PH has to be 'more flexible' in talks on South China Sea Code of Conduct - DFA exec

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Metro Manila (CNN Philippines, July 28) – A ranking Department of Foreign Affairs (DFA) official is suggesting a "more flexible" approach for the Philippines in negotiations between the Association of Southeast Asian Nations (ASEAN) and Beijing for the Code of Conduct (COC) in the South China Sea.

In a press conference on Thursday, DFA Assistant Secretary for ASEAN Affairs Daniel Espiritu said the Philippines will assert the United Nations Convention on the Law of the Sea (UNCLOS) and its arbitral win in The Hague as "twin anchors" of actions and policies in contested waters.

Foreign Affairs Secretary Enrique Manalo is expected to do so during the ASEAN Foreign Ministers' Meeting in August, Espiritu said.

But in the same briefing, Espiritu said the Hague ruling does not necessarily have to be invoked during negotiations for the COC - a crucial document which will lay down the only allowable actions and behavior that parties can take in the disputed South China Sea.

"We are asserting the Hague ruling. But whatever is it that's on the Hague ruling are only reflections of specific provisions in UNCLOS so whether we invoke the arbitral tribunal award or not, the point is, the moment we use UNCLOS in the negotiations of the COC and its resultant mechanisms, I guess that will already be enough," Espiritu said.

"In fact, UNCLOS is bigger than the arbitral award. So, we have to be more flexible on that," he added.

An international tribunal constituted under UNCLOS - and backed by the Permanent Court of Arbitration in The Hague - ruled in favor of the Philippines in its maritime dispute with China in 2016. It recognized the Philippines' sovereign rights in areas within its exclusive economic zone in the West Philippine Sea which China contests.

China, however, rejects the landmark ruling. The Philippines has filed dozens of diplomatic protests for Chinese incursions in the West Philippine Sea.

ASEAN and China signed a non-binding Declaration on the Conduct of Parties in the South China Sea in 2002, but the regional bloc has been pushing for a legally binding COC.

During the 20th anniversary of the signing of the declaration early this week, Chinese State Councilor and Foreign Minister Wang Yi pushed for "enhanced and upgraded versions of the DOC, and reach, at an early date, an effective and substantive COC that conforms to international law, including the UNCLOS, so as to provide stronger institutional guarantee for managing differences and advancing cooperation."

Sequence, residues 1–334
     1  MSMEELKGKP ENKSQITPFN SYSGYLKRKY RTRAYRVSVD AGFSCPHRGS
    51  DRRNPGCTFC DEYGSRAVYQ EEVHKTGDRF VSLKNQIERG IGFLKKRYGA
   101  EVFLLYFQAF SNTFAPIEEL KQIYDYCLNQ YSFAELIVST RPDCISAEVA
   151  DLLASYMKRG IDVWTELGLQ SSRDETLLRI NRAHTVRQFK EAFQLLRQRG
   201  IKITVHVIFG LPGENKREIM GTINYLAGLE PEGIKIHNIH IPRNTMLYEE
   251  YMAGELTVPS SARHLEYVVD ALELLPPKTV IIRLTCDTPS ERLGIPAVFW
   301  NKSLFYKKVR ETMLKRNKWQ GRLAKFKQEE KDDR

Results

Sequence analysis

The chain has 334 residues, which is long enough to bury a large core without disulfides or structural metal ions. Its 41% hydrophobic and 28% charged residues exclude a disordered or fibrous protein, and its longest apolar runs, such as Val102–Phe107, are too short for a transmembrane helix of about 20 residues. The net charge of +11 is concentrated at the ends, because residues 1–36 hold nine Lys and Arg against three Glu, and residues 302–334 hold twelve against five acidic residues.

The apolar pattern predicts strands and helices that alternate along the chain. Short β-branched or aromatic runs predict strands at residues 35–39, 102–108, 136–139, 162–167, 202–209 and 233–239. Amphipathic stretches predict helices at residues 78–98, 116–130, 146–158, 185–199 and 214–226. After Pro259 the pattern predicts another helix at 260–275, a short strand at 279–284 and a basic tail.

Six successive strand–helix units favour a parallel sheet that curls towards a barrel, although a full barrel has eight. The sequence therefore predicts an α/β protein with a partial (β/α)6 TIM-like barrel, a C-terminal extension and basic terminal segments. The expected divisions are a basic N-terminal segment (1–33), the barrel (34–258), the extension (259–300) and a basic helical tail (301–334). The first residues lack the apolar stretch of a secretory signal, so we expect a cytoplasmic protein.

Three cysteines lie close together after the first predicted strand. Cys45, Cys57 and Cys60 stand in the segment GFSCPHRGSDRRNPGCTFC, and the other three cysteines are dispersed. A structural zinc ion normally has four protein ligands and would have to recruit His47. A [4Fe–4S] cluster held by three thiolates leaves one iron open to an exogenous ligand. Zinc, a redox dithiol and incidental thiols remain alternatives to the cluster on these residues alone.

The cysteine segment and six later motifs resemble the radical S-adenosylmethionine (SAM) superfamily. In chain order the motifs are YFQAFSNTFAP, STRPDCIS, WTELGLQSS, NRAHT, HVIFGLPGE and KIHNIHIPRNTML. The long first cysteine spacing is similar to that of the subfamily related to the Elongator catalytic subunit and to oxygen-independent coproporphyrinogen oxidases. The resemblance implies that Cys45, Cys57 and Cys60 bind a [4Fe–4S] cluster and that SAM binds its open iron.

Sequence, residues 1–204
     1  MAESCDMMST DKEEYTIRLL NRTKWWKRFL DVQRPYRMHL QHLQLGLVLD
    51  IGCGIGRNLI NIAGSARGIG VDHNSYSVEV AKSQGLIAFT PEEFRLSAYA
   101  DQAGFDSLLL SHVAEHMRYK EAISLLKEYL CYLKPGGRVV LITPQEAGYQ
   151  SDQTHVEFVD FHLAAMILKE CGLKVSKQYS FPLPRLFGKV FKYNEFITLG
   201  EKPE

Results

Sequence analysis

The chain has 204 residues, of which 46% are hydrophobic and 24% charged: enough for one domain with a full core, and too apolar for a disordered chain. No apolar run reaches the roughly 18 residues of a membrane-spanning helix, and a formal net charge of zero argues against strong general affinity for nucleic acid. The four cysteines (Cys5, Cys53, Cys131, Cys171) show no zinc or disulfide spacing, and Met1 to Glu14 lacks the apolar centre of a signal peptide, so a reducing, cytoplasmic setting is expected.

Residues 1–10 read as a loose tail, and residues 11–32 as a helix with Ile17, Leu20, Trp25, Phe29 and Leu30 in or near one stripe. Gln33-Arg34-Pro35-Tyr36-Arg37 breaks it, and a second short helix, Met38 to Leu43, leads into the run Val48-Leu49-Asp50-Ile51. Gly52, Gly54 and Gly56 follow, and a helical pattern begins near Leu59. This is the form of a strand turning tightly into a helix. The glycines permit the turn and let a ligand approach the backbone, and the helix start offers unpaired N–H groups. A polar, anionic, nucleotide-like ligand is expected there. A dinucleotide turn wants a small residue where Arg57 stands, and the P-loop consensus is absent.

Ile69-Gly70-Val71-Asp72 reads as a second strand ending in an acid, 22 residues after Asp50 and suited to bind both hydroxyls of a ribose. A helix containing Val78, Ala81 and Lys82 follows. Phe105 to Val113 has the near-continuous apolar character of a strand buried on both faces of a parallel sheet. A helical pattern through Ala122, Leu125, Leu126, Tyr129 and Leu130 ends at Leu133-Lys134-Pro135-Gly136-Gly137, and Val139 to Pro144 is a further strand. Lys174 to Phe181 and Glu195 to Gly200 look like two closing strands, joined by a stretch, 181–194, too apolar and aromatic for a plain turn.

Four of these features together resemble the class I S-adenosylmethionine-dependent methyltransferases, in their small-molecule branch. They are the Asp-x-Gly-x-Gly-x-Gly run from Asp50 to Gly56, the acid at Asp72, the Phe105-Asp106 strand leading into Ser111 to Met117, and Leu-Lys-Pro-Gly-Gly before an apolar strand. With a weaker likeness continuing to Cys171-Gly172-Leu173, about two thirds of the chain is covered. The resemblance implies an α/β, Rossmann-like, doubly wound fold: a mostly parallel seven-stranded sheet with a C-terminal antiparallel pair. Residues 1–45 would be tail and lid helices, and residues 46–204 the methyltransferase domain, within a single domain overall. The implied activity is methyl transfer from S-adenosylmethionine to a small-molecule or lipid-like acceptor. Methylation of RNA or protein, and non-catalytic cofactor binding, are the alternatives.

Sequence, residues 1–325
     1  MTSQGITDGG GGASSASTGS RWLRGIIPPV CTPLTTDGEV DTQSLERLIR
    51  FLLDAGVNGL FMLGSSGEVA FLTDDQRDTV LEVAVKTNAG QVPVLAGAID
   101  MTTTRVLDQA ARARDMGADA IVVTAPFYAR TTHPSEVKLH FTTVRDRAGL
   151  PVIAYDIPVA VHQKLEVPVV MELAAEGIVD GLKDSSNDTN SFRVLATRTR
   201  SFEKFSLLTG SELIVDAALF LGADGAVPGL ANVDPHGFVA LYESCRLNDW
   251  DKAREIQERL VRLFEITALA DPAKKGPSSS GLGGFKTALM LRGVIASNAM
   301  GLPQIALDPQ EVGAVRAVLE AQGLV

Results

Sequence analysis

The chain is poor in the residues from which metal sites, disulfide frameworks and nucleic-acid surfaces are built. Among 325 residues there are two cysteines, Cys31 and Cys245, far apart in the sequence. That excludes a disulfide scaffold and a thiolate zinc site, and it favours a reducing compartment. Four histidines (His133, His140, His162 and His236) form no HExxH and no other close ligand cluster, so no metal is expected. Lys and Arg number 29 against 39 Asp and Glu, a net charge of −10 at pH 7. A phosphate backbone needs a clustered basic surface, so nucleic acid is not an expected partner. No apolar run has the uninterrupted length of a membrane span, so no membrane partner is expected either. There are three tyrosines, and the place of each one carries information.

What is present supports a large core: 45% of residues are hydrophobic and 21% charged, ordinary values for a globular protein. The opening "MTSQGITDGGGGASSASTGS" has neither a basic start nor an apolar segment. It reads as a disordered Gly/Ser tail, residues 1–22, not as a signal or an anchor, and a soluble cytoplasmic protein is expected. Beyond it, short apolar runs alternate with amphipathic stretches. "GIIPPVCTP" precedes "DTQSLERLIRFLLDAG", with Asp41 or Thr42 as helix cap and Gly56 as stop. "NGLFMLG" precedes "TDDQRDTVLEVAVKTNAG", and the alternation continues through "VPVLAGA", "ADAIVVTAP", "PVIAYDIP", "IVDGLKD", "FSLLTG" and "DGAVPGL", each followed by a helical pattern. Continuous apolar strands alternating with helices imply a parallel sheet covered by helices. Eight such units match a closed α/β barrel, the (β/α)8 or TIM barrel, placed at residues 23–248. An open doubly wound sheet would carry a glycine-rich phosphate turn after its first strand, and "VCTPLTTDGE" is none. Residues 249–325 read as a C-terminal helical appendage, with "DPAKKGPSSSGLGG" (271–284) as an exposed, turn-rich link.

The Philippines was country coordinator of the ASEAN-China Dialogue Relations from 2018 to 2021. Both the ASEAN and China agreed to come up with a code by then, but aside from the stalemate caused by the COVID-19 pandemic, former DFA Secretary Teodoro "Teddy Boy" Locsin, Jr. said in September 2019 that a single draft negotiating text was reached only after China "softened its insistence on controversial provisions."

While progress has been made, Espiritu said negotiations "are still very, very, very fluid."

"We do not know what the outcome will be. We can only push for legally binding or non-legally binding when we have already seen the final one and we are sure that it is to our interest under international law," he said.

CNN Philippines requested further comment from the Foreign Affairs chief.

ASEAN and China have also yet to bare a new timeline.

"We are now tackling the details, and that is what's taking some time," Espiritu said.

"Each and every line must be agreed on by consensus and China is there. And all 10 ASEAN countries are there. And then we have to be very careful about this because this will be followed in the South China Sea afterwards," he added.

Newly appointed DFA spokesperson Teresita Daza, a veteran career diplomat, said President Ferdinand "Bongbong" Marcos, Jr.'s stance in the maritime row with China is "very clear."

Marcos in his first State of the Nation Address earned praises when he said he will "not preside over any process that will abandon even one square inch of territory of the Republic of the Philippines to any foreign power."

He did not specifically mention the South China Sea dispute and said the country will remain to be a "friend to all, enemy to none" - something foreign policy experts see as a balancing act.